occur, not by mutation, but by methylation of the
 promoter.
miRNA and cancers
 miRNA = small noncoding SS-RNAs, approximately
 22 nucleotides in length, incorporated into the RNA-
 induced silencing complex (post-transscriptional
 gene silencing)
 Control cell growth, differentiation, and cell survival
 Changes in expression in cancer cells: amplication
 and deletion of miRNA loci
 Target gene if oncogene       miRNA act as TS genes;
 if TS genes     miRNA act as oncogene
 miRNA profiling     classification of tumor
Etiology of Cancer: Carcinogenic Agents
Chemical carcinogens
 Chemical carcinogens have highly reactive
 eletrophile groups that directly damage DNA, leading
 to mutations and eventually cancer.
 Direct-acting agents do not require metabolic
 conversion to become carcinogenic
 Indirect-acting agents are not active until converted
 to an ultimate carcinogen by endogenous metabolic
 pathways.
 Polymorphisms of endogenous enzymes like
 cytochrome P-450 may influence carcinogenesis.
Chemical carcinogens
 Following exposure of a cell to a mutagen or an
 initiator, tumorigenesis can be enhanced by
 exposure to promoters, which stimulate proliferation
 of the mutated cells.
 Examples of human carcinogens include direct-
 acting (e.g., alkylating agents used for
 chemotherapy), indirect-acting (e.g., benzopyrene,
 azo dyes, and aflatoxin), and promoters/agents that
 cause pathologic hyperplasias of liver, endometrium.
Radiation Carcinogenesis
 Ionizing radiation causes chromosome breakage,
 translocations, and, less frequently, point mutations,
 leading to genetic damage and carcinogenesis.
 UV rays induce the formation of pyrimidine dimers
 within DNA, leading to mutations.
 Therefore UV rays can give rise to squamous cell
 carcinomas, basal cell carcinoma and melanomas of
 the skin.
Oncogenic Viruses
 HTLV-1 causes a T-cell leukemia that is endemic in
 Japan and the Caribbean.
 HPV has been associated with benign warts, as well
 as cervical cancer.
 The oncogenic ability of HPV is related to the
 expression of two viral oncoproteins, E6 and E7;
 they bind to p53 and RB, respectively, neutralizing
 their function; they also activate cyclins.
 E6 and E7 from high-risk HPV (that give rise to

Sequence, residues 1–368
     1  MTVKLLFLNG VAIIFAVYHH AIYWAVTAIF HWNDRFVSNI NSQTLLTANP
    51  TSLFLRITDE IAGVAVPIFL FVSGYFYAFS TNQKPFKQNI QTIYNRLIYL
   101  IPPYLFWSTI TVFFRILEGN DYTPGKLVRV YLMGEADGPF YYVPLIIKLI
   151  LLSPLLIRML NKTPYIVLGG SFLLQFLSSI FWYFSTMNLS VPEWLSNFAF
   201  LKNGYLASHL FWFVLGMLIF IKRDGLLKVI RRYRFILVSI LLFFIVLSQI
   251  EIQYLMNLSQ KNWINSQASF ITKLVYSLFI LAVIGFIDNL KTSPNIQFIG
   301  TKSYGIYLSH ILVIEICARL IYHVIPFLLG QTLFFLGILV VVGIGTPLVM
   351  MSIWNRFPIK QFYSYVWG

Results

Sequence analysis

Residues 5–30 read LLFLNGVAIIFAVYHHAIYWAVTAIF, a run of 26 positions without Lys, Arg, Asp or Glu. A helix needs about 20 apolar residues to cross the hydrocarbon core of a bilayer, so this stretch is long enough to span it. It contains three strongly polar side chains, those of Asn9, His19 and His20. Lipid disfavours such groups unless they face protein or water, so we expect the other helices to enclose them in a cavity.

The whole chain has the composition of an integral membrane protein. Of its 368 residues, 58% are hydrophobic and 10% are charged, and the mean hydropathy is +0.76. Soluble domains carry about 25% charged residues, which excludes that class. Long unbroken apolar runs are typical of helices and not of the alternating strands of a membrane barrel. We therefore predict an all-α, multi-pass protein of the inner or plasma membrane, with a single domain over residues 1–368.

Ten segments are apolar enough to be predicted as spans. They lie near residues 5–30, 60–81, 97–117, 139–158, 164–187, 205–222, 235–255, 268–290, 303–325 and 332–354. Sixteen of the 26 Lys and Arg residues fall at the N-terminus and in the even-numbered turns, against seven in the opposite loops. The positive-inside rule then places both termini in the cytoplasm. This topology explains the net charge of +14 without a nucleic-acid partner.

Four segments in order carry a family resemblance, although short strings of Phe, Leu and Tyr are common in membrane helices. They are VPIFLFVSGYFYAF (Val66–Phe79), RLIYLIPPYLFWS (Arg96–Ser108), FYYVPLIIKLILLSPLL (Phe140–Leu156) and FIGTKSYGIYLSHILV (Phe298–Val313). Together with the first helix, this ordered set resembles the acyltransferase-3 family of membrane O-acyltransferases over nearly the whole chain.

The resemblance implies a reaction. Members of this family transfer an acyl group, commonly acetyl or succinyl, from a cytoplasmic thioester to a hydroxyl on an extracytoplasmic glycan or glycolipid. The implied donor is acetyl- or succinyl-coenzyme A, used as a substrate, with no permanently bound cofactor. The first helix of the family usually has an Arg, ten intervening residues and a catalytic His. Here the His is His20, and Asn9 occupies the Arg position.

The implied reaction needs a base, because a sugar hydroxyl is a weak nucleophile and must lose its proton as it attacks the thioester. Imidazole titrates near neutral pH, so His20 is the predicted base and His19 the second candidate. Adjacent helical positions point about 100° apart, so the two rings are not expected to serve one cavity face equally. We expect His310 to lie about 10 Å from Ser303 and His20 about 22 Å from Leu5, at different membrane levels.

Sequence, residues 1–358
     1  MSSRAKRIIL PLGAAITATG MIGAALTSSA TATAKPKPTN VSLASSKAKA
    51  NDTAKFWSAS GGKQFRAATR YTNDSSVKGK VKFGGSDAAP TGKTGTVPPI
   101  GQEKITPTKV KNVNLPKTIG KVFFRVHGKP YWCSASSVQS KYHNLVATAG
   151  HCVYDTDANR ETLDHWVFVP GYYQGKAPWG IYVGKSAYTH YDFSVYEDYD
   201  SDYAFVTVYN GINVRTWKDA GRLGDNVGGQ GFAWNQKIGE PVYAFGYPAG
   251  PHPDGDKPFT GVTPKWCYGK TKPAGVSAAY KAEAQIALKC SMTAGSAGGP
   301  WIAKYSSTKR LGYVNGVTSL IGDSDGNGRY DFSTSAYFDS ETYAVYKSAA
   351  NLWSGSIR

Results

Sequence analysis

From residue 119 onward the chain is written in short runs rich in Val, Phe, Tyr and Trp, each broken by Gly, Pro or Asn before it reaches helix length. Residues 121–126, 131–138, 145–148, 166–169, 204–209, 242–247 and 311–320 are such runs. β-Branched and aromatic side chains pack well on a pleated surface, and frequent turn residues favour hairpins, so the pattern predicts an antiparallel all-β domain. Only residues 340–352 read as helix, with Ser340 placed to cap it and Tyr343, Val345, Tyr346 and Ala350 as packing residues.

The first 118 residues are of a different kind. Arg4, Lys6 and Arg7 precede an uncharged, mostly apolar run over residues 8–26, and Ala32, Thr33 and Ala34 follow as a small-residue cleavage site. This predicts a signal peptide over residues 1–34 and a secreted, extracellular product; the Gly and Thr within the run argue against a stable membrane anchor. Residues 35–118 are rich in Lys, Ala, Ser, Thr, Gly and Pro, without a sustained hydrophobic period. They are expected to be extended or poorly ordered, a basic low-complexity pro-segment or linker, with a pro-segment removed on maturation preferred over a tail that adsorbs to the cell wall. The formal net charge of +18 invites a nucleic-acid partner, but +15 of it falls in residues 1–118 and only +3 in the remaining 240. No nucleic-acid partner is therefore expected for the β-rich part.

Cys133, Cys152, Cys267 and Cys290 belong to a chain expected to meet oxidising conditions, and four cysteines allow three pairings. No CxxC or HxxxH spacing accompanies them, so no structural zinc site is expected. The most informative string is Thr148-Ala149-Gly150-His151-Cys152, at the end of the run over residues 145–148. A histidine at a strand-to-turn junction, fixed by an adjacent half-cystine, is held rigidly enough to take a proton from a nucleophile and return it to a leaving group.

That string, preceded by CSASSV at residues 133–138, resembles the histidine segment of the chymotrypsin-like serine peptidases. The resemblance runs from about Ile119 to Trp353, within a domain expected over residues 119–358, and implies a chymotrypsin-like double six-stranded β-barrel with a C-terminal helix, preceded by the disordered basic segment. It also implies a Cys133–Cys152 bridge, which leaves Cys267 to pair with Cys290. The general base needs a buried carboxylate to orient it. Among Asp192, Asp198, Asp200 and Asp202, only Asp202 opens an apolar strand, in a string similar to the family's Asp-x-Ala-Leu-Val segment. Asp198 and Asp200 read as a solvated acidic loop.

cancers) have higher affinity for their targets than E6
 and E7 from low-risk HPV (that give rise to low-grade
 tumors).
Oncogenic Viruses
 EBV has been implicated in the pathogenesis of Burkitt
 lymphomas, lymphomas in immunosuppressed
 individuals with HIV infection or organ transplantation,
 some forms of Hodgkin lymphoma, and nasopharyngeal
 carcinoma. All except the nasopharyngeal cancers are B-
 cell tumors.
 Certain EBV gene products contribute to oncogenesis by
 stimulating a normal B-cell proliferation pathway.
 Concomitant compromise of immune competence allows
 sustained B-cell proliferation and eventually development
 of lymphoma with occurrence of additional mutations
 such as t(8 ; 14), leading to activation of the MYC gene.
 KSHV/HHV-8 is associated with Kaposi’s sarcoma
Hepatitis B and Hepatitis C Viruses
 Between 70% and 85% of hepatocellular carcinomas
 worldwide are due to infection with HBV or HCV.
 The oncogenic effects of HBV and HCV are
 multifactorial, but the dominant effect seems to be
 immunologically mediated chronic inflammation,
 hepatocellular injury, stimulation of hepatocyte
 proliferation, and production of reactive oxygen
 species that can damage DNA.
 The HBx protein of HBV and the HCV core protein
 can activate a variety of signal transduction
 pathways that may also contribute to carcinogenesis.
Helicobacter pylori (H. pylori)
 H. pylori infection has been implicated in both gastric
 adenocarcinoma and MALT lymphoma.
 The mechanism of H. pylori-induced gastric cancers
 is multifactorial, including immunologically mediated
 chronic inflammation, stimulation of gastric cell
 proliferation, and production of reactive oxygen
 species that damage DNA.
 It is thought that H. pylori infection leads to
 polyclonal B-cell proliferations and that eventually a
 monoclonal B-cell tumor (MALT lymphoma) emerges
 as a result of accumulation of mutations.
Host defense against tumors
 Tumor antigens
  Tumor-specific antigens: only present on tumor cells
  Tumor-associated antigens: present on both tumor and
  normals cells
 Main classes of tumor antigens:
  Products of mutated oncogenes and tumor suppressor
  genes
  Products of other mutated genes
  Overexpressed or aberrantly expressed cellular proteins
  Tumor antigens produced by oncogenic viruses
  Oncofetal antogens: CEA, alpha-fetoprotein
  Altered cell surface glycolipids and glycoproteins: CA-
  125, CA19-9
Cell Type-Specific Differentiation antigens
 Specific for particular lineages or differentiation
 stages of various cell types
 Potential targets for immunotherapy and for
 identifying the tissue of origin if tumors
 (immunohistochemistry)
 CD10 and CD20 are surface markers for B-cell-
 derived tumors, antibodies against CD20 are used